Rockies lose right-hander Juan Nicasio for rest of season

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This one isn’t nearly as scary as last year’s, but the Rockies have lost Juan Nicasio to a season-ending injury for the season straight campaign.

Nicasio, who missed the final two months of last year with a broken neck and fractured skull after taking a line drive to the head on Aug. 5, will miss the rest of this season following microfracture knee surgery, the Denver Post’s Troy Renck reports.

The 25-year-old Nicasio failed to pitch as hoped after an impressive spring, though considering what he went through, it’d hardly be fair to term his performance a disappointment. He was 2-3 with a 5.28 ERA in 11 starts before going on the DL with a left knee strain two months ago. Since the knee never got any better, the surgery was performed today.

The hope is that Nicasio could be ready to pitch in his native Dominican Republic come December. If healthy, he’ll have a great chance of winning a spot in Colorado’s rotation next spring.

Miguel Sano gained weight this offseason

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Not all players coming in to spring training are in The Best Shapes of Their Lives. Some have put on a few pounds, such as Miguel Sano, notes Twins GM Thad Levine:

Sano has been given medical clearance to engage in all baseball workouts with his teammates, his surgically reinforced left shin now completely healed, though the Twins intend to lighten his schedule to prevent any new injuries.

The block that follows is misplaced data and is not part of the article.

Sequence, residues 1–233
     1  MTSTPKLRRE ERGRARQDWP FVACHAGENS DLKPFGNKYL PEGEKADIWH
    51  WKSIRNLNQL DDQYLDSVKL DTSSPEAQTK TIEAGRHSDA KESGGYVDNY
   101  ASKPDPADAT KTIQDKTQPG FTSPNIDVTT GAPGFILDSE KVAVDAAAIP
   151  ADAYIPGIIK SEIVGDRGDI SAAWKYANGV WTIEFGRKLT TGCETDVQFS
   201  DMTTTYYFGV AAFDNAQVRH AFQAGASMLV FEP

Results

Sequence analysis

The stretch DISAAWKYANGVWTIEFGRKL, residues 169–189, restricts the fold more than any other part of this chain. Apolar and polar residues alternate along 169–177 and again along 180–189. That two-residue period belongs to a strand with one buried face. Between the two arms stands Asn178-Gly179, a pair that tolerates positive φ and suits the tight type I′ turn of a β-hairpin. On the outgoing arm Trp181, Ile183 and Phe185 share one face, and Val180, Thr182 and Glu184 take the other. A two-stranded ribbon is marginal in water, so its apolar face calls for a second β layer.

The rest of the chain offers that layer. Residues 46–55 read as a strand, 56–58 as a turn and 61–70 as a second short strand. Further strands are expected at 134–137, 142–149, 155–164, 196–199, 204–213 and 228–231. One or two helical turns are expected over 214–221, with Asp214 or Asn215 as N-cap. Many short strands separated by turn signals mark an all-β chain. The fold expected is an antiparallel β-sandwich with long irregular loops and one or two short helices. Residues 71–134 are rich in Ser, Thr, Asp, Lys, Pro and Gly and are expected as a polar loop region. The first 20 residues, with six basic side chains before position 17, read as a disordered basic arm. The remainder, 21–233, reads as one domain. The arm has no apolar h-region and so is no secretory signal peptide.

They’d like to lighten something else, too: His “generous carriage,” as General Manager Thad Levine delicately put it last week. Sano’s conditioning understandably lags, after a winter largely spent incapacitated by the surgery.

Sano’s conditioning has often been a topic of conversation among the members of the Minnesota press corps, though not always in good faith. For example, last year when Sano injured his shin by fouling a ball off of it, one member of the The Fourth Estate found a way to make a column out of blaming the freak injury on Sano’s conditioning. At least in this instance his colleague is correctly noting that the poor conditioning is a result of the injury and not the cause.

Still, it’s just another issue facing Sano this spring. He’s out of shape, coming off of an injury, and — not that he’s due any sympathy for it — he’s facing a likely suspension arising out of the allegations of sexual assault leveled against him late last year.

So this spring we’ll be seeing more of Sano, it seems. At least until that time we’ll be seeing less of him.